Get out of my house!

Get out of my house!

Rats and Lemon Rind Removal: Why Rats are Likely Responsible for Removing the Rinds from Your Lemons

by Devon Perez

Have you ever seen a lemon hanging from a lemon tree with its rind completely removed and the fruit within completely intact? Though it does sound peculiar, this does actually happen. If you own a lemon tree, you may even have come across this phenomenon before. It can be quite distressing to go outside to pick a lemon only to find that someone—or something—has taken the liberty of peeling them for you. In Australian gardens, lemons and other citrus fruits are enjoyed by possums, flying foxes, snails, mice and rats.

So, Who's the Culprit?

Of all of these common garden pests, the most likely culprits are rats. Why is that? Well, for one thing, snails are too slow to peel an entire rind from a lemon without being noticed. Possums are much too big; bigger than rats, to peel a lemon rind without knocking the lemon to the ground. Flying foxes too can be ruled out because they prefer to feast on nectar, pollen, blossoms, and fruits such as lilly pillies. That leaves mice and rats. Mice, however, tend to avoid highly acidic fruits like lemons and oranges as the toxicity levels can cause havoc with their tiny digestive systems.

That means your likely culprits are roof rats, also known as Norway rats, or black rats.

Rats Produce Their Own Vitamin C, so Why Eat Lemons?

Like other mammals, rats produce their own supply of vitamin C. This is why it is confusing that they might strip the rind from a lemon. You see, lemon rinds actually contain more vitamin C than the flesh itself. But if rats don't require vitamin C because they produce it themselves, then why are they are they stripping lemons of their rinds?

The answer may lie in several studies.

Studies May Have the Answer

Lemon rind doesn't just contain vitamin C. It contains a number of antioxidants that are known as flavonoids. Flavonoids can be found in many types of fruits but are particularly abundant in citrus fruits, like lemons. Are rats peeling your lemons to take advantage of these antioxidants? In a study conducted in 1998, researchers discovered that the lemon flavonoids, eriocitrin and hesperidin reduced the oxidative stress in rats with diabetes. These same flavonoids have been shown to significantly reduce cholesterol in hamsters, which happen to be related to rats. This could be a hereditary habit passed on from their ancestors, just as that of birds which swallow stones to help them digest seeds and dogs that eat grass even though it doesn't seem to benefit them in any way.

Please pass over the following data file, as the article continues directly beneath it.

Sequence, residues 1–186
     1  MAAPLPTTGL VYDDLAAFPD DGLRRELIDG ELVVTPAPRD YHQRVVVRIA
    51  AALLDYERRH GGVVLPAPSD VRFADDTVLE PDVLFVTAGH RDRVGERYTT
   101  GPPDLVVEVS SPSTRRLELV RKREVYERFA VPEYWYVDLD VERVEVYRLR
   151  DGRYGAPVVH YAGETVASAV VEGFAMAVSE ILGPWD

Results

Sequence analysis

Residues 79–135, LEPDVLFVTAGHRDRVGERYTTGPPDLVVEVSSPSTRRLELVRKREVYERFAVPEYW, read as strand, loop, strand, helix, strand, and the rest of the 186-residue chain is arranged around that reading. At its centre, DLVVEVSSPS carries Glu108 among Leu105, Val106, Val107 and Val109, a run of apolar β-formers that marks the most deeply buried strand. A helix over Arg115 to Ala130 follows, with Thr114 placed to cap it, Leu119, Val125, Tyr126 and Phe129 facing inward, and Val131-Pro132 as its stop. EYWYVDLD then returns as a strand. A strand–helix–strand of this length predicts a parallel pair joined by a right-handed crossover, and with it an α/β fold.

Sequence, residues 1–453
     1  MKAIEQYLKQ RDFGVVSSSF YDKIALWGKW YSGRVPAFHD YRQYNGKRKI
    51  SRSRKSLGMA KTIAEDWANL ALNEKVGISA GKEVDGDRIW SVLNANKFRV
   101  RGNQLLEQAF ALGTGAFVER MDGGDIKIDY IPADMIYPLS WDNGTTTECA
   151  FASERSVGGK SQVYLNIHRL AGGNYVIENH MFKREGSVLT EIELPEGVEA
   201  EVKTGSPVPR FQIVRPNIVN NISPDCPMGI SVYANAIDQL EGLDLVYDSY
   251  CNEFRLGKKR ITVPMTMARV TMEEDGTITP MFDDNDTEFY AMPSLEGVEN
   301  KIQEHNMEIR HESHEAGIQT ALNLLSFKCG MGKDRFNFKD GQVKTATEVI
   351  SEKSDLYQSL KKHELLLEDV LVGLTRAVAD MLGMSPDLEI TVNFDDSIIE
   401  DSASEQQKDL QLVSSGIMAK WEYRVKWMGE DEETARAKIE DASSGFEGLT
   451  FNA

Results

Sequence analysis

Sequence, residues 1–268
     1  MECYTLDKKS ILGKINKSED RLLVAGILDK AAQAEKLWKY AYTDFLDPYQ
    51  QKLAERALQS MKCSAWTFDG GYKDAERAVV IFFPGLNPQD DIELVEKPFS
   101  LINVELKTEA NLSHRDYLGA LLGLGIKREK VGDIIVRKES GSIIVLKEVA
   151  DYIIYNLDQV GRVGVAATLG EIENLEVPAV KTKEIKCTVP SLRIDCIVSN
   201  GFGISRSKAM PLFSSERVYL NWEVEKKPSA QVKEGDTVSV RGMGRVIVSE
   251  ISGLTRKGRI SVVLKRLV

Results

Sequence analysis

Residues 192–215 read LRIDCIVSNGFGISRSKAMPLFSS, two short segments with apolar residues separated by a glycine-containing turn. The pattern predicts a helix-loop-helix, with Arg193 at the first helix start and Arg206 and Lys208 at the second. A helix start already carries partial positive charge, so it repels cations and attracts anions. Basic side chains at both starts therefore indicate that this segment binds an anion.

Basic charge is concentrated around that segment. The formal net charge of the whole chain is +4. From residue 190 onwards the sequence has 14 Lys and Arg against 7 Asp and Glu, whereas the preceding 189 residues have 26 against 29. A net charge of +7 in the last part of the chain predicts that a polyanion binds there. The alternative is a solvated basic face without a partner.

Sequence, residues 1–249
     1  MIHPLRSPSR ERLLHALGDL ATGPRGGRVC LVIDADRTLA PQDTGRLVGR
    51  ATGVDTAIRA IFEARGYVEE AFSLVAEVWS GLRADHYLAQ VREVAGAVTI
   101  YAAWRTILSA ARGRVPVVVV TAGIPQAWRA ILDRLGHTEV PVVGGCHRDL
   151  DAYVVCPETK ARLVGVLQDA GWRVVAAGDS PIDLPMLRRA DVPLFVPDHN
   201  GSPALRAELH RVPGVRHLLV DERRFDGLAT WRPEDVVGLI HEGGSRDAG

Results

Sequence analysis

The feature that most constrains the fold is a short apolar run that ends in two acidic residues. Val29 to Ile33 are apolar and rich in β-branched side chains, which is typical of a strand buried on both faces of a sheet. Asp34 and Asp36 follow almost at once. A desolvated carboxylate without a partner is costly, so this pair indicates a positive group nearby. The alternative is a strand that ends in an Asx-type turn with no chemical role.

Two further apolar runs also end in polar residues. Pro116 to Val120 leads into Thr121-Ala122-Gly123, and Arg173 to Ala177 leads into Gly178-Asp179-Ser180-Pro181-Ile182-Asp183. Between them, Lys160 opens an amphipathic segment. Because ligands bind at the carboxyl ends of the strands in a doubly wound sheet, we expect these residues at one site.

However, knowing what is eating your lemons doesn't solve the issue. If you keep finding your lemons hanging with their rinds peeled off, try filling several stockings with old dog hair, and then hang them from the branches of your lemon tree to deter rats. There may also be a family of rats that has taken up residence nearby. Call in a pest control service to eradicate the problem if your lemons and other fruits are under constant attack from rats. 


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About Me

Get out of my house!

Breakfast is the first meal of the day, one that should set you up for several hours of active, busy life. Nothing turns a breakfast bad like picking up your coffee mug, or a plate, and having a critter skitter out from underneath! Ants, cockroaches and more do their best to work their way into our homes, where they aren't welcome and don't belong. Sometimes ant traps and insect bait are enough, but if you ignore the problem it can quickly escalate to where you'll need professional pest control to get rid of your unwanted guests. Professional pest control can provide a wide range of rates and service, and are worth calling.

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